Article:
Federal law trumps state law.

It’s a basic element of our system of government. It’s also a key obstacle in Emily Happel and Tanner Smith’s lawsuit against the Guilford County school board and Old North State Medical Society.

Happel and Smith have asked the state Supreme Court to take their case. They hope the high court will reach a different conclusion than the Court of Appeals about the role federal law plays in their legal dispute.

Smith was a 14-year-old high school football player in August 2021. Alerted by a letter from Guilford County Schools about a COVID-19 “cluster” involving his team, Smith faced a mandatory COVID test before he could return to practice.

The school system also informed Smith about free COVID testing at a different high school. Smith’s stepfather drove him to the testing site and waited outside as the teen entered the building.

Neither of them knew that the school was also hosting Old North State’s COVID-19 vaccine clinic. A clinic worker asked Smith to fill out a form while trying to contact his mother, Happel.

“After failing to make contact with Tanner’s mother, one of the workers instructed the other worker to ‘give it to him anyway.’ Tanner stated he did not want a vaccine and was only expecting a test, but one of the workers administered a Pfizer COVID-19 vaccine to him,” wrote Judge April Wood in the Appeals Court’s unanimous March 5 ruling.

Happel and Smith sued both the Guilford school board and the medical society. A trial judge dismissed the suit in March 2023.

At the Appeals Court, Wood labeled the clinic worker’s alleged conduct “egregious.” Yet she and her colleagues upheld the trial judge’s ruling. They cited a 2005 federal law called the Public Readiness and Emergency Preparedness Act.

A March 2020 COVID-19 declaration from the US Department of Health and Human Services secretary triggered PREP Act legal protection. That protection covered both defendants in Happel and Smith’s case.

“Plaintiffs argue the trial court erred in determining that the PREP Act … is applicable to this case and provides immunity to both Defendants,” Wood wrote. “Due to the sweeping breadth of the federal liability immunity provision in the PREP Act, we are constrained to disagree.”

“Wisely or not, the plain language of the PREP Act includes claims of battery and violations of state constitutional rights within the scope of its immunity, and it therefore shields Defendants from liability for Plaintiffs’ claims,” Wood added.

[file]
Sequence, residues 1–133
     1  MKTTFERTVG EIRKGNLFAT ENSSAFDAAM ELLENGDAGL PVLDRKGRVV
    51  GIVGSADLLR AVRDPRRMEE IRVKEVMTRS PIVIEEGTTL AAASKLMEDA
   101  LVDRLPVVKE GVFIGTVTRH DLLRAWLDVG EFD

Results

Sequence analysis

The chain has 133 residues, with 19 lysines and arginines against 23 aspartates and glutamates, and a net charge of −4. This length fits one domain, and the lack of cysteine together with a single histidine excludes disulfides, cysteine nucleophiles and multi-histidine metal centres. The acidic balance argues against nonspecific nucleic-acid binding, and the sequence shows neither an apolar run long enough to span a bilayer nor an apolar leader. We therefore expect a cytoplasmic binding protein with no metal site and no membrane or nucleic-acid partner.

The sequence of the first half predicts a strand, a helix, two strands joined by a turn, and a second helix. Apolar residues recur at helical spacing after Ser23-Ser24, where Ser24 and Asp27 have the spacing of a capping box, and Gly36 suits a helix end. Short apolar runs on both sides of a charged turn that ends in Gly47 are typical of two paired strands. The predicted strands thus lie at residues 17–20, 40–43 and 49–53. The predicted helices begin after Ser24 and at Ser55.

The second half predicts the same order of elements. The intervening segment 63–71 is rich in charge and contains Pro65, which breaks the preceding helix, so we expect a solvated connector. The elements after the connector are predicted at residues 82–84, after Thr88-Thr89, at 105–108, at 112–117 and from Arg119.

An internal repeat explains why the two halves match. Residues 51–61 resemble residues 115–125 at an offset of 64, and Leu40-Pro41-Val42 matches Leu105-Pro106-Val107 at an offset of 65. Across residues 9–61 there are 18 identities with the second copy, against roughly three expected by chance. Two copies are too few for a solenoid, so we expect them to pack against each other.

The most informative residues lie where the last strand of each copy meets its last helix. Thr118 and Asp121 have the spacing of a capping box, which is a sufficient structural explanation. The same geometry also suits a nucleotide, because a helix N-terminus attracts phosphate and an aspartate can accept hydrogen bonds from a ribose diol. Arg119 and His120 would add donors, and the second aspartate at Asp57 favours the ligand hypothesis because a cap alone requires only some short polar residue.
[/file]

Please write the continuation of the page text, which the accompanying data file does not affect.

The PREP Act governed the case’s outcome, despite a 2021 state law requiring “parental consent before a vaccine granted emergency-use authorization may be administered to a minor.”

“Its intent is to prevent the egregious conduct alleged in the case before us, and to safeguard the constitutional rights at issue — Emily’s parental right to the care and control of her child, and Tanner’s right to individual liberty,” Wood wrote. “Notwithstanding, the statute remains explicitly subject to ‘any other provision of law to the contrary’ under the broad provision preempting state law in the PREP Act.”

Happel and Smith could win their case only if the vaccine had caused “death or serious physical injury,” Wood explained.

The mother and son hope the Appeals Court’s ruling doesn’t end the story. Their case deals with “the interplay between duty of the courts of North Carolina to remedy constitutional and other legal violations and a federal law that defendants purport forecloses that opportunity,” according to a state Supreme Court petition.

“The trial court and the Court of Appeals interpreted the PREP Act so broadly as to shield nearly every act, no matter how egregious, from any legal consequence,” the petition continued. The trial court and Appeals Court “rendered totally useless” the state law, “which prohibited the very acts committed by defendants.”

“It is now a law of aspiration, with no consequence for its blatant violation,” the mother and son argued.

Supreme Court justices face no obligation to take the case. Yet Happel and Smith argue that the dispute deserves the high court’s attention. “How the government chose to deal with the pandemic, especially concerning the administration of vaccines that had been granted emergency-use authorizations, was and is a hotly contested issue, one that is certainly of significant public interest,” according to the petition.

No one is likely to defend the clinic worker’s alleged actions in Guilford County in 2021. Happel and Smith make sympathetic plaintiffs. But it’s unclear how they could overcome arguments about the PREP Act’s protections.

It will be interesting to see if the state Supreme Court gives them a shot to make their case.

Mitch Kokai is senior political analyst for the John Locke Foundation.